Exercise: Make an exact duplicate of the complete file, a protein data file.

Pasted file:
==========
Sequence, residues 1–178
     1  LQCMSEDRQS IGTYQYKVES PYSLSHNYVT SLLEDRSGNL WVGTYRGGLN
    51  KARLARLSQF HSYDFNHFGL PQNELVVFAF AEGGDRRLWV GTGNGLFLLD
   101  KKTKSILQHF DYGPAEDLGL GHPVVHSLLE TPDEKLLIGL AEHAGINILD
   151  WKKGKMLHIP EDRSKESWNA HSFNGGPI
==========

Sequence, residues 1–178
     1  LQCMSEDRQS IGTYQYKVES PYSLSHNYVT SLLEDRSGNL WVGTYRGGLN
    51  KARLARLSQF HSYDFNHFGL PQNELVVFAF AEGGDRRLWV GTGNGLFLLD
   101  KKTKSILQHF DYGPAEDLGL GHPVVHSLLE TPDEKLLIGL AEHAGINILD
   151  WKKGKMLHIP EDRSKESWNA HSFNGGPI